A youth project with impact, but not just on the participants

What I learned at the Future Europe Future You seminar and conference

, by Juuso Järviniemi

All the versions of this article: [Deutsch] [English]

A youth project with impact, but not just on the participants
A group of Future Europe Future You conference attendees at London’s Trafalgar Square after the event. Photograph: Madeleina Kay (@albawhitewolf) // Twitter

‘Future Europe Future You’ was a one-day conference held at London’s Europe House on 18 June. A part of the EU’s Structured Dialogue, the conference featured youth-led discussions on employment, education, security and culture, with ideas being delivered to the European Commission. Juuso Järviniemi participated in the conference, as well as the four-day residential seminar around the conference.

The project was organised by Momentum World, an organisation arranging international experiences for young people. It combined Structured Dialogue with training young people to organise events. The schedule was built around the themes of teambuilding, preparation for the conference, the conference itself, and debrief, with each theme getting one day in the programme.

Monitored by full-time employees, the participants to the residential seminar were tasked with organising a conference in one day, together with people they had only met a day earlier. Participants, the venue, speakers and the equipment had been pre-arranged, but after initial instructions, the logistics, hosting and substantive programme were prepared by the participants rather independently.

The seminar was attended by both young people and professionals from across the UK. Alongside discussions on the conference themes, the programme featured speeches from Sir Ciarán Devane, Chief Executive of the British Council; Daniel Ambrus, Deputy Head of the European Commission Representation in the UK; and Tom Brake, the Liberal Democrat spokesperson on Europe. Young European of the Year Madeleina Kay’s guest performance completed the line-up.

Heard the words ‘youth engagement’ too often? It’s still for a reason

Three residential seminar participants were selected as speakers at a conference panel discussion. Three professionals asked questions of the participants, mainly covering youth engagement. This reflects how overall, the topic of providing youth with international experiences was an overarching theme at the event, with the four policy-oriented themes rather servicing the overall objective. As one of the panellists, I contrasted structured programmes such as Comenius (now part of Erasmus+) with the idea of sending people off to Interrail with a free ticket: a programme with more pedagogical content is likely to be richer, as one is guaranteed to meet others, and to engage in conversation rather than mere small talk.

‘Youth engagement’ sounds like something of a cliché. Since I became involved in European affairs, I have had to witness countless group discussions that failed to reach any detailed conclusion, and which resorted to a fallback conclusion along the lines of “we really need to engage young people”. That doesn’t mean Erasmus+ isn’t making a difference. As I pointed out in the panel discussion, 30 years into Erasmus we are now entering an era when our state leaders have gone on Erasmus. Elites have always been international, but you can’t avoid thinking that that might help leaders look at Europe from a different perspective.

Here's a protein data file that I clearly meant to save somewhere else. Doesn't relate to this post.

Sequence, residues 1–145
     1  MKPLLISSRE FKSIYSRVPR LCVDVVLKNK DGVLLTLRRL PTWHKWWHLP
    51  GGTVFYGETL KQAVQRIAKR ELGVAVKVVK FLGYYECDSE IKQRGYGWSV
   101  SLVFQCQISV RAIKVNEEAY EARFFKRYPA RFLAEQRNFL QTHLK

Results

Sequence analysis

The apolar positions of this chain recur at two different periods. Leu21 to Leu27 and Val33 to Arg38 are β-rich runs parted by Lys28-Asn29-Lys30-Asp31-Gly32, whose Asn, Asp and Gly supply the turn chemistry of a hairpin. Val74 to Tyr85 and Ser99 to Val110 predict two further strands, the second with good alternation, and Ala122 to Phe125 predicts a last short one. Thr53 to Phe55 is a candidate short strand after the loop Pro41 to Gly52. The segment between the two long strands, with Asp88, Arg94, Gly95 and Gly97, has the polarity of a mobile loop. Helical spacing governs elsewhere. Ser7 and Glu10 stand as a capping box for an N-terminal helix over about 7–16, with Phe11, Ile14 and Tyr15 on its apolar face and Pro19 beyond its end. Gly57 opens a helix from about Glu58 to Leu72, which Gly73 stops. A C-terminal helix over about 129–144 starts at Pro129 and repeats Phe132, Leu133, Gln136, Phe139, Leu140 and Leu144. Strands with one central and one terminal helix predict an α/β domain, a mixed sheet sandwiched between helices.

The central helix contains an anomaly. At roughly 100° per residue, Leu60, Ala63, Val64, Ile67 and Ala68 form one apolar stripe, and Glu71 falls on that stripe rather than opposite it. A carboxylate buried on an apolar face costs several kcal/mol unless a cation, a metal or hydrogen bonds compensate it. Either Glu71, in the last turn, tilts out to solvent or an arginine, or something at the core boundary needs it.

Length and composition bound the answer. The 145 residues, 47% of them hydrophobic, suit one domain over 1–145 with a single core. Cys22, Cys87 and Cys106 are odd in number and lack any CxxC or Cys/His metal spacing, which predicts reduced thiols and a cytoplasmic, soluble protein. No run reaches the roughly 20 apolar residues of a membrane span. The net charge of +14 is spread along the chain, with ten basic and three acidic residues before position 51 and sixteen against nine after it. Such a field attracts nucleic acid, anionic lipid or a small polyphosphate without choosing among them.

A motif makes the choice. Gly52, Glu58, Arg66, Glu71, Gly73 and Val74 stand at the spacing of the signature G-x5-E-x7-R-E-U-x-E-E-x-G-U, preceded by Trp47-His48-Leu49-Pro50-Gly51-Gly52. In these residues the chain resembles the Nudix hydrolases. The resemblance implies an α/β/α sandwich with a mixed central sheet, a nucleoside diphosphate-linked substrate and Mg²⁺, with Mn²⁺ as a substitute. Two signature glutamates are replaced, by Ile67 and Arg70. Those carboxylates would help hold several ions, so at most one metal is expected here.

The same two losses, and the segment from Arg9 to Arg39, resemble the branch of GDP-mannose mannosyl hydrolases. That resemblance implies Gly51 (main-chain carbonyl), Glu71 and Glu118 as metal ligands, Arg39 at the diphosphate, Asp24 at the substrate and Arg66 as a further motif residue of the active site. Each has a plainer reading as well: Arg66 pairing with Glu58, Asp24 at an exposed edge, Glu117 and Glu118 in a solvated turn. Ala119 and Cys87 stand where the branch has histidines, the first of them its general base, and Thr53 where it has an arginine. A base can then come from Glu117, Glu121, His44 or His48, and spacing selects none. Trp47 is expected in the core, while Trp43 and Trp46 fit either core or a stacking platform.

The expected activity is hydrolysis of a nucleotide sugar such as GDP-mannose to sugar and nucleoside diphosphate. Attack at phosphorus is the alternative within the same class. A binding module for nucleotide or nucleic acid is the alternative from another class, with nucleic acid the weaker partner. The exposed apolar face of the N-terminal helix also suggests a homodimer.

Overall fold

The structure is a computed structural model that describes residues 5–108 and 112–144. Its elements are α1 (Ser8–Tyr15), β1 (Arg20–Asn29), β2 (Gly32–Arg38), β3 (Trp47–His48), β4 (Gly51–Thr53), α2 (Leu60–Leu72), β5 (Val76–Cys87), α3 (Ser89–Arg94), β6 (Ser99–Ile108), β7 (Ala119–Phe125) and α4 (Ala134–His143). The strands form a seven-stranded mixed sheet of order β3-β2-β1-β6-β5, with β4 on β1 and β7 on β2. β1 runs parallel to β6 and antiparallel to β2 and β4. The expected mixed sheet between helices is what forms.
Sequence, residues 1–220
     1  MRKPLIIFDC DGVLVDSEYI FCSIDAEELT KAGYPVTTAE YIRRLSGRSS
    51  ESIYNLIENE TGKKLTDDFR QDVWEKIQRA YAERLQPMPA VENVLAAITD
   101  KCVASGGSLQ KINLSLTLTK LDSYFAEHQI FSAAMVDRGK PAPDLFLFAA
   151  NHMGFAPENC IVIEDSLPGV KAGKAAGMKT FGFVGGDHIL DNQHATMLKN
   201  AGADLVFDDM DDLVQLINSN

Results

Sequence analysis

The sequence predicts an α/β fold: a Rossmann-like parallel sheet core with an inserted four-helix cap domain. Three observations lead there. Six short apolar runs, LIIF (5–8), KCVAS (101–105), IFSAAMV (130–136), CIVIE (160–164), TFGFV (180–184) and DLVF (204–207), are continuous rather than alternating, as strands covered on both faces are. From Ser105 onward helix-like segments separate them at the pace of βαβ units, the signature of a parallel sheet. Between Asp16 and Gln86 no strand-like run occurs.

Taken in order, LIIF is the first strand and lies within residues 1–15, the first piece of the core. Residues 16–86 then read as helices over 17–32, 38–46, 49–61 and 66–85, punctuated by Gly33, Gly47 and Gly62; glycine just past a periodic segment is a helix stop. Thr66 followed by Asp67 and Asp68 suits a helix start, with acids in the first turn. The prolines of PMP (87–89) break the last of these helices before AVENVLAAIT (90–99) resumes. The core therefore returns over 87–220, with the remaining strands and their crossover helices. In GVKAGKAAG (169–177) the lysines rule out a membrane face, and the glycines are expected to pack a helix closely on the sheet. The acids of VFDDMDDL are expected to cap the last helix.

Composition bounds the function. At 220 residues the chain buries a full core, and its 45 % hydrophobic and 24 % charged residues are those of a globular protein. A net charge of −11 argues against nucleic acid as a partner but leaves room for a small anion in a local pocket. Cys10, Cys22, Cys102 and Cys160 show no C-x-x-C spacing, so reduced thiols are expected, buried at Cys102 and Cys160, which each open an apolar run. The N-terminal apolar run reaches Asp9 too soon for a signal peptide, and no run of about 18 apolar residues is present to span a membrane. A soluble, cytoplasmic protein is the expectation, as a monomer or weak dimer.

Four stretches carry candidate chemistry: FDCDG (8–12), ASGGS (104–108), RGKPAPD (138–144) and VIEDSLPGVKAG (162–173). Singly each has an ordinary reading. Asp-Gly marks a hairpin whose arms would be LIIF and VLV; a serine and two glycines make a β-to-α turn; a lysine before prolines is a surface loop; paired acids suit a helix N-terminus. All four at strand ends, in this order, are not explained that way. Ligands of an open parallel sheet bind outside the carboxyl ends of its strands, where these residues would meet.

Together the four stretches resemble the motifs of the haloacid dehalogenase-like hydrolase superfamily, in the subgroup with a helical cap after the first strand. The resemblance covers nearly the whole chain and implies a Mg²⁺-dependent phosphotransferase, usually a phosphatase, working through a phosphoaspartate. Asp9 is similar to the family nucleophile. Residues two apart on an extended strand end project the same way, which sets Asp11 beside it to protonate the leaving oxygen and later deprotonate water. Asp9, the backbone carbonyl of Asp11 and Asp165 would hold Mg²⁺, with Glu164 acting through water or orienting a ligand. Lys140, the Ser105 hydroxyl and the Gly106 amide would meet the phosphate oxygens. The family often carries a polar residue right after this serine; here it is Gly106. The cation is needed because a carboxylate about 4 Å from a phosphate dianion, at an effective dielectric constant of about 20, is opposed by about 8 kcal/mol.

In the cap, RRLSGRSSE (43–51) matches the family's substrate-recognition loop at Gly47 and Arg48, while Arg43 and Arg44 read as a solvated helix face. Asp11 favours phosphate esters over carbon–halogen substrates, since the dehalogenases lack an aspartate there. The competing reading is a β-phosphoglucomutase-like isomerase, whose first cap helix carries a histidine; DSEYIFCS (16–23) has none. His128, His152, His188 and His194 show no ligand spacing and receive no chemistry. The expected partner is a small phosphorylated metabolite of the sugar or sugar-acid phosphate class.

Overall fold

More than just a head fake

In high school, I attended an International Student Leadership Institute conference twice, once as an attendee and once as an organiser. At the end of my first ISLI experience, the participants who had been selected as the organisers of the following year’s edition were let in on a secret: the main purpose of ISLI is not to train leadership skills to the 120-or-so attendees, but to offer an opportunity to the dozen students organising the conference.

Was Future Europe Future You another ISLI, a project that seeks make a difference, but primarily to a rather limited number of people? Not really. [1] Although Structured Dialogue is about hearing young people in policy-making, there is more to it. The Future Europe Future You project aimed to “increase young people’s visibility and credibility” and to ‘showcase the impact of non-formal education’, among other things. The project achieved that.

In the end, participants came to Europe House to learn and be inspired, rather than being there to make the young conference organisers feel good. The conference showcased to professionals that undertaking youth initiatives may be worthwhile for them, too. As a result of the event, a high-level political party representative approached Momentum World to arrange a discussion on international opportunities for young people. In another example, the event helped inspire one attendee to develop programmes for giving international experiences to British fire cadets, among whom there are thousands who have never had such experiences before.

Oftentimes the centre of attention was the classroom-size group of young people who organised the Europe House conference, but the project sought and may well achieve broader impact. 500 million Europeans are not made in one day, but Future Europe Future You was one helpful push towards the big goal.


[1I should add that the ordinary participants to ISLI certainly learn and gain from the event as well, rather than being a mere ‘fake audience’.

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